Lisa Roig, Will Schmidt Receive 2020 Dorothy Hoard Stewardship Award For Tireless Work At Bandelier

Will Schmidt and his mother Lisa Roig are recipients of the 2020 Dorothy Hoard Stewardship Award. Courtesy/FOB

Friends of Bandelier

The Friends of Bandelier has selected Lisa Roig and her son Will Schmidt to receive its 2020 Dorothy Hoard Stewardship Award.

The founder of Friends of Bandelier, Dorothy Hoard, had a passion for teaching, history and conservation. When she died in March 2014, The Friends of Bandelier established the Dorothy Hoard Stewardship Award to be given as her legacy and for her important contributions to Bandelier and the community.

This stewardship award is given to someone who has worked tirelessly toward stewardship of our natural resources. 

This year the award goes to a conservation conscious adult and also a conservation passionate student. Roig and Schmidt, now a student at New Mexico Tech, are doing Hummingbird banding at a site in Bandelier National Monument.

Roig will receive $1,000 to use to buy necessary bird banding equipment on behalf of Bandelier. Funds that are not used for equipment will go toward travel to a Hummingbird banders meeting in Arizona.

Schmidt is receiving $500 to be spent toward equipment for bird banding. Previously, awards have funded tools used by Youth Corps in Bandelier Projects and for buses for student transportation to migratory bird banding sites in the fall.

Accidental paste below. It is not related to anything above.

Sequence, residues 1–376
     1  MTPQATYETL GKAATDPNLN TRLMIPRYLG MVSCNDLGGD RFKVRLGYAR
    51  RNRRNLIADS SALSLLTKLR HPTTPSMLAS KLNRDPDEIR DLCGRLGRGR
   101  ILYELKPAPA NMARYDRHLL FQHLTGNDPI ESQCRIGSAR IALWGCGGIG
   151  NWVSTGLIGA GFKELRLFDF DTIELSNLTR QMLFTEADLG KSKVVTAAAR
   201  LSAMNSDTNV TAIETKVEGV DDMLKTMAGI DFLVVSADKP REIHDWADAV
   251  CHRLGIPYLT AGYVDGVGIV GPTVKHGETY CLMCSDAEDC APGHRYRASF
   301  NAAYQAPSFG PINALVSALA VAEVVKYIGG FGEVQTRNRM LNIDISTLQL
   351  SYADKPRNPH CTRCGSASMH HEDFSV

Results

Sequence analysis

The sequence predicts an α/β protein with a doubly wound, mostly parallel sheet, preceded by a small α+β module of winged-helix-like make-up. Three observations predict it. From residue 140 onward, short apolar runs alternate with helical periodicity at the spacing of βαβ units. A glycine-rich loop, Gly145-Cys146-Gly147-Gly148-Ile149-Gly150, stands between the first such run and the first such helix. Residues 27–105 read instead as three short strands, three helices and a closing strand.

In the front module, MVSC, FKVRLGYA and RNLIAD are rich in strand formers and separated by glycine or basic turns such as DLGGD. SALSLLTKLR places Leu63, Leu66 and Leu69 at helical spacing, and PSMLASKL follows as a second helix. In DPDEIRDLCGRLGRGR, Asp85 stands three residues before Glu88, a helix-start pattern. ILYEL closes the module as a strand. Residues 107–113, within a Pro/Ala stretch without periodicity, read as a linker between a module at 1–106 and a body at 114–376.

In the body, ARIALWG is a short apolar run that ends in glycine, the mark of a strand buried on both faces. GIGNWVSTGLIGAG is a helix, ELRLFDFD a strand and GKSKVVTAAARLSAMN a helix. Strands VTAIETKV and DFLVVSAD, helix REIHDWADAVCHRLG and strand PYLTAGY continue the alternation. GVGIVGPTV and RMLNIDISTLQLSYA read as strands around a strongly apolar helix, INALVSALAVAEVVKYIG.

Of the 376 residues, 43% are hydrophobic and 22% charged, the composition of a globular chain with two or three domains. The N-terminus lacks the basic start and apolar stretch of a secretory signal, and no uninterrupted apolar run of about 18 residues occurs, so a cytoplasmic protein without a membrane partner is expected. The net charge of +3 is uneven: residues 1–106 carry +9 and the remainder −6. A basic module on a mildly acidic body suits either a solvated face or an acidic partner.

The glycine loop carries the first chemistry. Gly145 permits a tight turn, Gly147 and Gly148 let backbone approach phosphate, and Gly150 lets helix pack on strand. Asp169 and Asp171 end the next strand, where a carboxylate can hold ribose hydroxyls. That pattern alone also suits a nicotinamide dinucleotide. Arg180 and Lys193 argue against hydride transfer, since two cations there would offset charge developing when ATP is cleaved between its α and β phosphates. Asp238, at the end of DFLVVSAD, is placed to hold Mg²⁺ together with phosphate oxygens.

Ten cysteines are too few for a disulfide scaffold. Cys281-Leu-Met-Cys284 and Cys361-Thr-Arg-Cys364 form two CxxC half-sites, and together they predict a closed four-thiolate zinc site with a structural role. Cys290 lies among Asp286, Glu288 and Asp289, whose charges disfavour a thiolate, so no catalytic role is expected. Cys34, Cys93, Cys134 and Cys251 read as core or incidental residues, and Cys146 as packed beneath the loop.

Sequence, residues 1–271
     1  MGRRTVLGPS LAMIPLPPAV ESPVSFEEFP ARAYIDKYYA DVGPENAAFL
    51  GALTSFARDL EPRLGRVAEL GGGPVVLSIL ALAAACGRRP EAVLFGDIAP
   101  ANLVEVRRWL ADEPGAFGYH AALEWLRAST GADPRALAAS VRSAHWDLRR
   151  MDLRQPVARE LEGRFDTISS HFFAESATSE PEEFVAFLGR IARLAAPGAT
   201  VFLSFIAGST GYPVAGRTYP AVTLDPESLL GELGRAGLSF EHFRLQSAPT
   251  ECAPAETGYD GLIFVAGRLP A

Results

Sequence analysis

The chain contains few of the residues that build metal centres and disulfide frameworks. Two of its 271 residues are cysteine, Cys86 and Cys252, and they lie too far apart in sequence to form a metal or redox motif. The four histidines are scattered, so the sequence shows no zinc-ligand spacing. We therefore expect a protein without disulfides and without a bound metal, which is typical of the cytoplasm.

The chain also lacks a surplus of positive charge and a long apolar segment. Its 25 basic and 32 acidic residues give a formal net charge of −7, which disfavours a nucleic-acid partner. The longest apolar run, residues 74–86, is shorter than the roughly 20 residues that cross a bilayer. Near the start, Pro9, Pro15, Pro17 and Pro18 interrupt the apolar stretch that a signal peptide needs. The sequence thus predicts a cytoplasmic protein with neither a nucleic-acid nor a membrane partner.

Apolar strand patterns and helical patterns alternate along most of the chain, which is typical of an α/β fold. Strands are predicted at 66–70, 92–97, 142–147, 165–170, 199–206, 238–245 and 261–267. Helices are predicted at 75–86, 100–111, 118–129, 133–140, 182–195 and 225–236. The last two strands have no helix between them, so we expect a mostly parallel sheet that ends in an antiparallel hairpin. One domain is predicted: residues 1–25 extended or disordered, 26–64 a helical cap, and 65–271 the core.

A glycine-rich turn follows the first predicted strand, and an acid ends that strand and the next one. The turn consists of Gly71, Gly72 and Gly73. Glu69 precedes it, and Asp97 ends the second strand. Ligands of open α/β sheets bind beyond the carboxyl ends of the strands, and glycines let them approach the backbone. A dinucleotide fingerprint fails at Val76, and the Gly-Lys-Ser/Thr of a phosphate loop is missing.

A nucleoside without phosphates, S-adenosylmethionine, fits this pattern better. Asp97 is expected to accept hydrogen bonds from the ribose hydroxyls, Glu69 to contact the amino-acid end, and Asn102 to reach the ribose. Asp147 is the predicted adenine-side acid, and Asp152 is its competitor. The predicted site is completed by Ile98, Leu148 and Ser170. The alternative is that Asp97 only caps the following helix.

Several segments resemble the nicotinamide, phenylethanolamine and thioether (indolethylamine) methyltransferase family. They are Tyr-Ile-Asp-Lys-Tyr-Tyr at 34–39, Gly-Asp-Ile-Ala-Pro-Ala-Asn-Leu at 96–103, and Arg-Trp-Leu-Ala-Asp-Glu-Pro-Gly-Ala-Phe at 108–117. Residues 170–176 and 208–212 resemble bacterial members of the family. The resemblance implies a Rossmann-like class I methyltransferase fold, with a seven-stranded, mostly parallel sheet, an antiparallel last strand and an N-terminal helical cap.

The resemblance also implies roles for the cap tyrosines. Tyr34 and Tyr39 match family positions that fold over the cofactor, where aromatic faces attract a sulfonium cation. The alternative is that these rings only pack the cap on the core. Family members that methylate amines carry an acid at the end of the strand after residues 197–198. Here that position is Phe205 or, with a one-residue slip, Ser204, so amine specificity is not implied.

Roig moved to New Mexico 15 years ago and began to homeschool her children. She has a degree in Environmental Science from Cornell, as well as graduate degrees in Hydrology and Civil Engineering from Colorado State University and UC Davis. She wanted to keep her children interested in science. She and Schmidt went on one of Bandelier’s passerine banding field trips and became hooked. They enjoyed hiking, bird watching and being in the out-of-doors. To encourage 11-year-old Schmidt, they kept volunteering. It is now a family affair— Roig, Schmidt and her husband all help. They band from Mid-May to Mid-October. 

There are four species that they find in Bandelier:

  • Broad-tailed Hummingbird (Selasphorus platycercus);
  • Black-chinned hummingbird (Archilochus alexandi);
  • Rufous Hummingbird (Selasphorus rufus); and
  • Calliope Hummingbird (Selasphorus calliope).

Both the Broad-tailed and Black-chinned hummingbirds breed in the area and are present May through October. The Broad-tailed hummingbird is more common at higher elevations and the Black-chinned at lower. The Rufous and Calliope hummingbirds migrate through in the late Summer and Fall of the year. Roig finds the hummingbirds fascinating because of their use of the ecosystem. She particularly likes the Broad-tailed hummingbirds because they are common and breed in the area so you can view all stages of growth. In addition, “They have a lot of personality”, she said.

Bandelier National Monument has been designated an “Important Bird Area” by the Audubon Society. We know that the varied habitats within the Monument support a wide variety of bird species, both for breeding and for migration. The biologists at Bandelier have been using bird banding as a tool to investigate species diversity, productivity and population trends within the monument for almost 20 years. 

Hummingbirds were not included in the bird banding program because specialized techniques are required to trap, handle and band these tiny birds safely. Former Bandelier wildlife biologist Steve Fettig recognized that a separate effort would be required to monitor hummingbird populations within the Monument and began to look for ways to establish a hummingbird monitoring program in 2010. He partnered with the non-profit “Hummingbird Monitoring Network” to establish a monitoring site in Bandelier National Monument.